clock menu more-arrow no yes
This morning I'm really tired. And that's normal for my first day back at work after vacation, especially one this long.

But it's even more than usual because, yes, I stayed up till past 11 watching the end of the seemingly interminable, but ultimately satisfying 2-1 Cub win over the Braves in 15 innings.

Before I make some remarks about the win, let me share with you the post I had almost completely finished and was going to post last night:

I'm Gonna Take Some Glue...

... and glue the bats to the shoulders of every Cub hitter, because every time I looked up (and there were times I was averting my eyes), a Cub hitter was swinging and weakly grounding out or popping up at the first pitch tonight.

AAAARGH!!!

OK, done venting. That was also what I was saying all day after trying to get out from under the metric buttload of paperwork that you'd expect after being away from home for three weeks. Sure, it was nice enjoying the retirement lifestyle for a while (and you could get used to it too, right?) but now, back to reality, paying bills, making sure everything's OK in the house, and having to go back to work about six hours from now.

In the meantime, tonight's ballgame, another frustrating loss, 1-0 to the Braves in only a little over two hours, was so representative of the Dusty Baker school of hitting -- he never saw a pitch he didn't want his hitters to be "aggressive" with.

Seriously, what does it take? The pitching has actually been quite good this young season, and tonight, Carlos Zambrano threw really well, making the proverbial "one mistake", a pitch that Andruw Jones (and will someone please tell America's sportscasters that it is NOT pronounced "AAAAAHN-druw"? That's just the way HE says it in his Caribbean accent) smacked into the LF seats for a solo homer. Otherwise he was getting the Braves to smash the ball into the ground. This bodes well, I think, because once this offense does get untracked (and it's too good not to), the club could easily reel off several wins in a row.

To be fair, I thought the strike zone was pretty odd tonight -- Sammy Sosa in particular seemed to be victimized, taking a pitch that looked like it was on the outside corner for ball three, only to duck out of the way of the next pitch, way inside, that appeared to be ball four, and then was promptly called out on strikes.

I should have remembered this from last year, but the TBS broadcasts are now blacked out in Chicago so as to "protect" the local telecast on WGN. This is kind of disingenuous, as anyone who has cable or satellite can watch both telecasts -- anywhere except Chicago.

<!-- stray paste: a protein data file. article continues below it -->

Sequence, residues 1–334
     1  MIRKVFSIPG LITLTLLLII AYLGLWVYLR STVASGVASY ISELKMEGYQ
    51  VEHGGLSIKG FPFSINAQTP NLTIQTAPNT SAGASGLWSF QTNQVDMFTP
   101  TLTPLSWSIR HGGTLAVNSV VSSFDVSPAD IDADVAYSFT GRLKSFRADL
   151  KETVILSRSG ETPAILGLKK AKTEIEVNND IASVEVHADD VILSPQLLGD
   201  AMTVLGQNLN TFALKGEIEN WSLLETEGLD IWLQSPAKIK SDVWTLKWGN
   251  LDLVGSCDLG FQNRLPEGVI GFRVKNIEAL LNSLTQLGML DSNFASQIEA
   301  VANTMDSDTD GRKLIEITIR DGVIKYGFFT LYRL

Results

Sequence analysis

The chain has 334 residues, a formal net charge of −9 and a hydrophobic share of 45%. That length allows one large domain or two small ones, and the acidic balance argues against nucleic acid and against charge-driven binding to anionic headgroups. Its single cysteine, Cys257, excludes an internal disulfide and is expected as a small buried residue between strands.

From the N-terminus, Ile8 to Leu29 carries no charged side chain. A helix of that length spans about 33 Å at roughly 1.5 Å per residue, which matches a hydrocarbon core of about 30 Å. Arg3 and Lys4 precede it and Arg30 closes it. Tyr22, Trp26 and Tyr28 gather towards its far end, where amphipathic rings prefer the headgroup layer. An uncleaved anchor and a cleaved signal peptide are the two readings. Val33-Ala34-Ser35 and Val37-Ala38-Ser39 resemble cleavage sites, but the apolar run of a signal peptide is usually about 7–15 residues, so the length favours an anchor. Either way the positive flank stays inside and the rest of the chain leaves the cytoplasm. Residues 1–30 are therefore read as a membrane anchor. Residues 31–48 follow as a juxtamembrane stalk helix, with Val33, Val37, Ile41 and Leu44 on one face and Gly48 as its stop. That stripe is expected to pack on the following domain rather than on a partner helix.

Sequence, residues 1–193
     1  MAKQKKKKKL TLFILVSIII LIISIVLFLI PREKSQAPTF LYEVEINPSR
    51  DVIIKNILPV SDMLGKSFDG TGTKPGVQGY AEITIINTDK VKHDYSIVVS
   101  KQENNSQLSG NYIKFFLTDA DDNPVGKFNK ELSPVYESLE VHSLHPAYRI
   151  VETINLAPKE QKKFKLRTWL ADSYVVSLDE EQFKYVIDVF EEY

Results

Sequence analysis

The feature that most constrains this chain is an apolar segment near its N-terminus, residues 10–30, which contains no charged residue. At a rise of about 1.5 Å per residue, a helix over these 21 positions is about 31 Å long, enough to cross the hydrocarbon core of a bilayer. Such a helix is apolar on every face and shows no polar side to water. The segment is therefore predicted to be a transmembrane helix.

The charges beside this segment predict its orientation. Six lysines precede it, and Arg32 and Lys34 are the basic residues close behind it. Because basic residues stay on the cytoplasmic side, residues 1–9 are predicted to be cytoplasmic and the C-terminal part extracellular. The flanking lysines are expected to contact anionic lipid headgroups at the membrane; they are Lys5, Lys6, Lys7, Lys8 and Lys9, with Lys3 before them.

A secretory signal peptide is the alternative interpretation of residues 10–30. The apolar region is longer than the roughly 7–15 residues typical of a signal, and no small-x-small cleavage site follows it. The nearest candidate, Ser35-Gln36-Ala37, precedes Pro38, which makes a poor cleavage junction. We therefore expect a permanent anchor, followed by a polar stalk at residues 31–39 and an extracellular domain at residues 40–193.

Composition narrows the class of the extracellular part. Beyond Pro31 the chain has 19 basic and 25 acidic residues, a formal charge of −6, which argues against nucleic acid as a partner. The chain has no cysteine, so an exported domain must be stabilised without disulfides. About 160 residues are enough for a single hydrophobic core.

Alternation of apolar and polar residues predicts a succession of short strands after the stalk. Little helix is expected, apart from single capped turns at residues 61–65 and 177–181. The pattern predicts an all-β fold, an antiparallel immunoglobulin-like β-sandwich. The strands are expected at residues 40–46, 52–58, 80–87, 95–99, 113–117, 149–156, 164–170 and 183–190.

I wondered if there was anywhere in MLB's Basic Agreement where this "protection" was spelled out, but I can't find it. If any of you can, or know where this is stated explicitly, let me know and I'll post it here.

So, I am unable to report on Ryne Sandberg's appearance on TBS tonight, which according to my friend Dan in the Cubs newsgroup, was engineered perhaps by Cubs media types to hype Sandberg's candidacy for the Hall of Fame. This is kind of disingenous too -- the next HoF voting isn't till next January, and though retired players have done this sort of thing before (Ron Santo freely admitted the reason he got into broadcasting in 1990 was to get his name out there, and the Nellie Fox Society spent a couple decades trying to get their hero into the Hall), I think Sandberg will eventually make it on his own merits, and doesn't need a "media tour".

I was just about to click "Post & Publish" when Todd Hollandsworth skied his two-out homer off John Smoltz to tie the game.

And then there was just about a whole game -- six innings, populated freely by the Ex-Factor. The last three Atlanta pitchers -- Antonio Alfonseca, Juan Cruz and Will Cunnane -- are all former Cubs, and Cruz showed the brilliance that he flashed on occasion with the Cubs, shutting them down for three innings with five strikeouts.

I can't say enough good about the Cub bullpen, which threw eight scoreless innings, allowing only four hits (but also seven walks, which kept the Cub defense in trouble constantly in the extra innings), and there were just as many ex-Braves throwing for the Cubs last night (Andy Pratt, who was acquired in the Cruz deal, Kent Mercker, who wound up with his first Cub win, and even Joe Borowski, who, yes, pitched for the Braves in 1995 and 1996, and had once been traded for Mercker). In fact, the Cubs have no less than five former Braves on the 25-man roster (Greg Maddux and Paul Bako, in addition to the three who pitched last night), and given the Atlanta success over the last decade, maybe this is part of the plan.

Do NOT underestimate the value of a win like this psychologically, especially when the offense has been struggling. The last Cub game that went this long was the first game of that amazing day/night doubleheader last September 2, which the Cubs won 4-2 on a Sammy Sosa homer, sending them on a streak where, after losing the nightcap on a controversial call on Moises Alou's screaming line drive, they won six in a row.

Finally, I note that WGN has inaugurated a new camera angle, which is slightly above home plate from behind the catcher (but below the "high home" traditional camera position from the first row of the upper deck), replacing what I used to call the "umpire's butt" shot. This gives a nice panorama of the field and is especially useful with runners on. In switching back and forth to other games last night, I noted a similar shot also being used at Dodger Stadium by Fox Sports Net Los Angeles. Kudos to the innovative directors using these new angles.